Brampton puts spotlight on accessible parking
Last week, the City of Brampton launched an awareness campaign themed “Respect
the Space” urging drivers to be mindful and respectful of accessible parking spaces. Coinciding with
National Access Awareness Week, May 28 – June 2, the campaign aims to emphasize that accessible
parking is not a privilege, but a necessity for those with disabilities to move around the city with ease.
During the next few months, this message will be spread through visual reminders at select accessible
parking spots, video messages from community members, social media, and other channels, as well as
an enforcement blitz.
At the Council meeting, Councillor Pat Fortini highlighted that accessible parking spaces are used
by people with varying forms of disabilities, both visible and invisible. Visible disabilities are when the
person uses an assisted device such as a wheelchair or walker. Invisible disabilities include sensory or
cognitive impairments and health conditions that limit the individual’s ability to walk far. They are all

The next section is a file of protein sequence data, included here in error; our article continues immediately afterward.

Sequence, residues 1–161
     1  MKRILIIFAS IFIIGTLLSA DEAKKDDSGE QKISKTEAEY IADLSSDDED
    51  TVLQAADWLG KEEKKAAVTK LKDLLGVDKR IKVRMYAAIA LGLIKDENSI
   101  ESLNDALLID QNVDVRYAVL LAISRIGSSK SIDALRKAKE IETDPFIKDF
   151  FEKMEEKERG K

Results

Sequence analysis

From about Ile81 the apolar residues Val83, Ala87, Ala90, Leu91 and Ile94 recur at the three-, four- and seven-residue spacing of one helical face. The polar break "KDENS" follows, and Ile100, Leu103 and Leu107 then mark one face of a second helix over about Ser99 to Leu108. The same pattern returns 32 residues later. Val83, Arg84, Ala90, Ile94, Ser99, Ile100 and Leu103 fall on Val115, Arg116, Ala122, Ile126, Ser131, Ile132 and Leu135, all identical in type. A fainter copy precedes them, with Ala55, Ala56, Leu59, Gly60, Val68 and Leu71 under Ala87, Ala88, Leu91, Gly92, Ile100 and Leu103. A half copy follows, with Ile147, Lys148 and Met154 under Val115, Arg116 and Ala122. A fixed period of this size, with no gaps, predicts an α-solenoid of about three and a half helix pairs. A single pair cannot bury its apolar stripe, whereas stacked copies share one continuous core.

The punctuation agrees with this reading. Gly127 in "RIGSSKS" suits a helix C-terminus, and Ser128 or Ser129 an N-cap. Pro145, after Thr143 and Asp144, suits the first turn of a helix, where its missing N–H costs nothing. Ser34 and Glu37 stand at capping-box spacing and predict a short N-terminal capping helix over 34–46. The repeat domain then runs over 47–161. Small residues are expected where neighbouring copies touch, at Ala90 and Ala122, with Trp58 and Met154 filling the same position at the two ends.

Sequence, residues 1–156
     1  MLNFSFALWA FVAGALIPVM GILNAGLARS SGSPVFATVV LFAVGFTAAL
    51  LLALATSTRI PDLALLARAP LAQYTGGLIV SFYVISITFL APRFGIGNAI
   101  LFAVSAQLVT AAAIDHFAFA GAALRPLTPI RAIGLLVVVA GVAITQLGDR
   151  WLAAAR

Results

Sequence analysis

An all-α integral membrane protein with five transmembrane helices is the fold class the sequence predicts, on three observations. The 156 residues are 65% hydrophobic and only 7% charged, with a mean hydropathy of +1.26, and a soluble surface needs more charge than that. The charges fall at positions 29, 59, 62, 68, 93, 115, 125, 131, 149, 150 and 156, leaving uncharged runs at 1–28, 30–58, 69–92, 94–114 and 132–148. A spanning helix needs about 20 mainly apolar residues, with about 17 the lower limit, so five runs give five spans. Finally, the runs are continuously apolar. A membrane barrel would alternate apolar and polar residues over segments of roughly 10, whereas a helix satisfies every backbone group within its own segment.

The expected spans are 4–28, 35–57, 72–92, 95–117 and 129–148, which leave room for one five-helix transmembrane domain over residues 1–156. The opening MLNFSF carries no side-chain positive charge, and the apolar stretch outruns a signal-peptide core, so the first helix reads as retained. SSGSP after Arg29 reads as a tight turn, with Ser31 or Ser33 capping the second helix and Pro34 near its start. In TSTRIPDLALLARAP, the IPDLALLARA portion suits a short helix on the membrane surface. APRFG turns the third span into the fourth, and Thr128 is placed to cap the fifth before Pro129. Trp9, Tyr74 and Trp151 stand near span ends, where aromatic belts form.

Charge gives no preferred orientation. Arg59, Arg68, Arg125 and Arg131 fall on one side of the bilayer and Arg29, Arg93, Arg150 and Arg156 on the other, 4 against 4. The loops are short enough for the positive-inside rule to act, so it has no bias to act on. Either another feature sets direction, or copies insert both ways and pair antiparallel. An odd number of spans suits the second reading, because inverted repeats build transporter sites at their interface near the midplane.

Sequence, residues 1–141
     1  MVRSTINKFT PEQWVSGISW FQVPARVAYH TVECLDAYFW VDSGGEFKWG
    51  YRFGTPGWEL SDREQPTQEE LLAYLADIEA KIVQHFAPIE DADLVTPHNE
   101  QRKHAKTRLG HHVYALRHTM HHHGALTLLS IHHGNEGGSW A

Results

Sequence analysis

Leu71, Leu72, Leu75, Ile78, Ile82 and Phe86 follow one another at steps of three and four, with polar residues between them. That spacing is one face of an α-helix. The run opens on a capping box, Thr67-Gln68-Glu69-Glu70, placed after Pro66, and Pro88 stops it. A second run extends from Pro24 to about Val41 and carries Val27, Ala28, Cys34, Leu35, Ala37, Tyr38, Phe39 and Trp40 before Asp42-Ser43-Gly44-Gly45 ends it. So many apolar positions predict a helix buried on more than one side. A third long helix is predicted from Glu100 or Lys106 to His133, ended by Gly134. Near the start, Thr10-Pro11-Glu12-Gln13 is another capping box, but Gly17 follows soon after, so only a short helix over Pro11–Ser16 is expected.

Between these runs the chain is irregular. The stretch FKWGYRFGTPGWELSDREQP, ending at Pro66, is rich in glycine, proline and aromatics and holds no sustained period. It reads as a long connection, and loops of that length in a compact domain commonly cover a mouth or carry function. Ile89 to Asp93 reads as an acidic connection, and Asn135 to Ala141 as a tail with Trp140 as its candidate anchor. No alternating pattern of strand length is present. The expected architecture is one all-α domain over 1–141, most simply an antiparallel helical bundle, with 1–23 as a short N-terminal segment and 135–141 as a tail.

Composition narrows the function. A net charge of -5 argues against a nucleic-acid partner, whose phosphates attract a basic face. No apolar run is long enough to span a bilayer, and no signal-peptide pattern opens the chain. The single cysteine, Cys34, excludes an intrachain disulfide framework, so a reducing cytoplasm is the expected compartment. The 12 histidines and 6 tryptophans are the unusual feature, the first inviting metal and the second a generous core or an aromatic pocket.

eligible to use accessible parking spaces
-One in seven people in Ontario has some form of disability. As the population ages, it is
expected that in the next 20 years this number will rise to one in five people.
-While there is a decreasing trend in accessible parking violations in Brampton, it is still sizeable
at 3,400 parking tickets issued during the last three years
-Non-permit holders are advised to avoid parking in an accessible spot even if it for a “few
minutes” or when running a “quick errand”
-Drivers parking next to an accessible parking spot should avoid parking on the access aisles.
-Marked with yellow stripes, the access aisles provide additional space for those with disabilities
to get in and out of vehicles with ease
-Permit holders who are eligible to park in an accessible spot are required to display their permit
visibly on the dashboard or front windshield
– When the permit holder is a passenger, an accessible parking space may only be used when
the permit holder is travelling in the vehicle
When residents and visitors are more mindful about accessible parking spaces, we can make
Brampton a more inclusive city. Working together – Council, businesses, community organizations, and
the public – we can help raise awareness of this important cause and respect for people of all abilities,
their independence and dignity.
– Councillor Pat Fortini, Council representative on the City of Brampton’s Accessibility Advisory